Ignorance would no longer be an option if businesses wanted to stay in business, Ms van der Meulen says. Photo: Sonia Sly
Fast fashion and unethical companies won't be in business in the next five to ten years, an industry expert says.
Catherine van der Meulen worked for her family's business Supre for years, but has since set up shop in New Zealand to help retailers become more sustainable in what they produce.
Ms Meulen said all companies had to start being accountable.
"If you don't make the right decisions for all stakeholders - the planet, your customers, your team, shareholders, the government, the workers in the factories ... if you're not taking a holistic view, it's very challenging for me to see that businesses will still be in business," she said.
"The model of fast fashion isn't going to be viable. We don't have enough resources globally, the environment is choking from fashion, it's the second-biggest pollutant in the world next to oil so it has to change and is changing."
She said change was mainly driven by consumer demand as more people became educated about fashion production.
"You can't 'unsee' some of those things because once you know how a pair of jeans is made you know you don't need five, ten ... whatever pairs of jeans.
"I don't even know that model is really existing now, I think they're seeing that they have to change.
"Consumers don't want it in the high quantities they used to and you can see that in the sales figures of Australian and New Zealand retailers."
"The world has set some pretty high standards and some pretty hefty goals that it needs to reach in terms of climate change so if an industry as a whole is not going to adapt itself to what's needed, those businesses are not going to be around.
"Consumers wanted cheap and cheerful products because at the time it was the cool thing to do that you got a $10 top as opposed to something that was $50 or $100 ... we just allowed it because it served consumers' needs."
The annual Tearfund Ethical Fashion Report released on Wednesday rated New Zealand companies on their policies, transparency of their supply chain, treatment of workers and environmental impact.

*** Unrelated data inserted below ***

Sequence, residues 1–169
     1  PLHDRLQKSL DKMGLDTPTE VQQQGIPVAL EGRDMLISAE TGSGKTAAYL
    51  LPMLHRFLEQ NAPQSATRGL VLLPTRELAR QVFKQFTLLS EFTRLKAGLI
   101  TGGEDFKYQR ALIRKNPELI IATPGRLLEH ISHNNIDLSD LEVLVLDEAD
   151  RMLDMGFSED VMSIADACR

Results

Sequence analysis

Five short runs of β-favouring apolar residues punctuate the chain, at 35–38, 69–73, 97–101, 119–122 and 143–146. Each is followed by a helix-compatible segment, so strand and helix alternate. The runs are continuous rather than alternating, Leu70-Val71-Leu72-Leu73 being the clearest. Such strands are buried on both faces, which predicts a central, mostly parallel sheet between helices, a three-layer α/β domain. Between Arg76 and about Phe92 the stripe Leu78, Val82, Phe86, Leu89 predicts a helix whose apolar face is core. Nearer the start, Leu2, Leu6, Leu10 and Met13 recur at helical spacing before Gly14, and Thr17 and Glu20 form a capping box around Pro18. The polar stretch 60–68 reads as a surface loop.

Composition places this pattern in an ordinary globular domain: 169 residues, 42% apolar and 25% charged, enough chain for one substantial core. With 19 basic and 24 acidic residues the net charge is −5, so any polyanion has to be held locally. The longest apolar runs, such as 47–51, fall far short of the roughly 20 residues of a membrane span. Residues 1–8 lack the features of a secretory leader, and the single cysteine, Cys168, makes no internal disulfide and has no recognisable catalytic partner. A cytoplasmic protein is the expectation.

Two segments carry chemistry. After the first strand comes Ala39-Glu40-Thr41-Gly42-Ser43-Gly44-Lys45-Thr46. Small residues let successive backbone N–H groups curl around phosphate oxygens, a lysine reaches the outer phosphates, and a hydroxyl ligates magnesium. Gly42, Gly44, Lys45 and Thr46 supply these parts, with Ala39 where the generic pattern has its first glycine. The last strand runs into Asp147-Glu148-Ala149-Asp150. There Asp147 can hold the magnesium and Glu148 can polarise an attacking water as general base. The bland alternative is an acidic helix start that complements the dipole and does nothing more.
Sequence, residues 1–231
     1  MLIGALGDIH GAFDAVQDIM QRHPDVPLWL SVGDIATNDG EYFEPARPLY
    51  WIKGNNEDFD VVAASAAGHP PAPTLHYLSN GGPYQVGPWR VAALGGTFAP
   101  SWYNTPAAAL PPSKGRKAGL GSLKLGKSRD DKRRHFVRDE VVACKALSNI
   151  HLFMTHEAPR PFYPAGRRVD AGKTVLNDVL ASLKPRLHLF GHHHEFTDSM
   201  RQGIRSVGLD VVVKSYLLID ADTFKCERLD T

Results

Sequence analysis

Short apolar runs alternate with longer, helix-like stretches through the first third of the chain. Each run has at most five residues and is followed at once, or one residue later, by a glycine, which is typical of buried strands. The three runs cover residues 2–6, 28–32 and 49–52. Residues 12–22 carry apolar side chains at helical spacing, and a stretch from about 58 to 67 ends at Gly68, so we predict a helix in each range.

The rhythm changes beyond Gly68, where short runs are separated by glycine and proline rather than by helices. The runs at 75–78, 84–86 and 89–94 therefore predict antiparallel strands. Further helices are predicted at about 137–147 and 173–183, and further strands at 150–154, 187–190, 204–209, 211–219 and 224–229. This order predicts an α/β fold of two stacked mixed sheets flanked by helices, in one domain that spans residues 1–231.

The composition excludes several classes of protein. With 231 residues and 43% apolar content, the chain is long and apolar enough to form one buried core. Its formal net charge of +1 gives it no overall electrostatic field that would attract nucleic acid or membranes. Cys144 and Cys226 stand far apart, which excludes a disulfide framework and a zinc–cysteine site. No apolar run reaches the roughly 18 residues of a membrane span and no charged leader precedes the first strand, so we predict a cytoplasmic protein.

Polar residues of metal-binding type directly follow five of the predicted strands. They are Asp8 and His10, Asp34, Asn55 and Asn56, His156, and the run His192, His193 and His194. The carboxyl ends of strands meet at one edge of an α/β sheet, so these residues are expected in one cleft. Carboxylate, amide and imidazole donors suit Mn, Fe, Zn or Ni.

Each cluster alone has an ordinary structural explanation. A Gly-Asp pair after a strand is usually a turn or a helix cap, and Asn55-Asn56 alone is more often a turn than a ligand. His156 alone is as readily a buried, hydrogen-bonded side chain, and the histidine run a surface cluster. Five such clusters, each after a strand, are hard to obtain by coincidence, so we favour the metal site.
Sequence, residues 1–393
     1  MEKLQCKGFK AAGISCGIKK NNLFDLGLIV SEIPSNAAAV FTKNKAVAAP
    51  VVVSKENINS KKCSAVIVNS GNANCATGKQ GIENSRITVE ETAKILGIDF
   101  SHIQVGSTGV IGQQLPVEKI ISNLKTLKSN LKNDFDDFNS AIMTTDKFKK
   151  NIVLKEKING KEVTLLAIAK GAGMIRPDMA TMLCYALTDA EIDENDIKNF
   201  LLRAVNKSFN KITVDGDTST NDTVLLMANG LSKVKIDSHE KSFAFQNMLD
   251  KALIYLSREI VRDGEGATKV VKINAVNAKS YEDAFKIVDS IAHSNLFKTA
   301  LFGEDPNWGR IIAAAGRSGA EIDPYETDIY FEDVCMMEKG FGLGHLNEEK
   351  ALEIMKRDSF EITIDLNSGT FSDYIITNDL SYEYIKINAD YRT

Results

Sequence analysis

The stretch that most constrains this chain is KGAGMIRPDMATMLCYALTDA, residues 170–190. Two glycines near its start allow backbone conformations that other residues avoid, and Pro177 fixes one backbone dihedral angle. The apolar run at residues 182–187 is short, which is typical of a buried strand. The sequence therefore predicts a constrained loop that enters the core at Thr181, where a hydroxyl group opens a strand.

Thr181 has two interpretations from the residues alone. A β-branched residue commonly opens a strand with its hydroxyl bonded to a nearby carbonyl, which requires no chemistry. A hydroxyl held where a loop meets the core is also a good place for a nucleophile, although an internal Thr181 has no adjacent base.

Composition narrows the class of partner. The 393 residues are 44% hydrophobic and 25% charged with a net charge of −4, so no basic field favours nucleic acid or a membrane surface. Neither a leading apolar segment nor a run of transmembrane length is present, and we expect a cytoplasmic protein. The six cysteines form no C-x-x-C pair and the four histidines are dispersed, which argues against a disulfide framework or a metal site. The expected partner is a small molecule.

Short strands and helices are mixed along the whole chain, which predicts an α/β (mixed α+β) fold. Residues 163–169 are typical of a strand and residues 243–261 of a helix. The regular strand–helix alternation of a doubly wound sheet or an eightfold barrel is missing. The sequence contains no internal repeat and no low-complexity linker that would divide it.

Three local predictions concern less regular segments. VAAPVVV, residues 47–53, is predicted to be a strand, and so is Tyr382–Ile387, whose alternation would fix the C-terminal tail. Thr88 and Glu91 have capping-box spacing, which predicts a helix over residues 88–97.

Ms Muelen said the report asked in-depth questions of businesses and if they could not answer them, it was time to have a re-think.
"If you can't answer those questions it's not a terrible thing, it's an opportunity to look into it further."
She said ignorance would no longer be an option if businesses wanted to stay in business.
"There's only so many times that a retailer or fashion brand can go and check out their supply chain and go 'oh I'll just close my eyes and ignore some of these things going on'. We are still human and we are at our core wanting to do the right thing.
"We just probably got caught up in making money."
'We have to change'
Otago University associate business professor Lisa McNeill said there would always be those who did not change their habits, but as a whole, things were moving.
"There will always be a sector of society who will buy without thinking about the implications of their consumption, however, I think that the rest of society isn't going to stand by and let businesses continue to practise in ways that are unethical.
"There are concerns [out of the United Nations sustainability report] that if we keep consuming the way that we do, by 2050 we're going to require three planets' worth of natural resources. We absolutely will change and have to change."
Ms McNeill said New Zealand was well-placed to implement strong policy aimed at combating mass imports of fashion and subsequent high levels of waste.
"Things like that will actually force change and textile waste that's predominately made up of fast fashion products is increasing at a very alarming rate and we're quite conscious we will have to do something about it.
"We've got a really good opportunity to be leaders in the way that we develop our market spaces."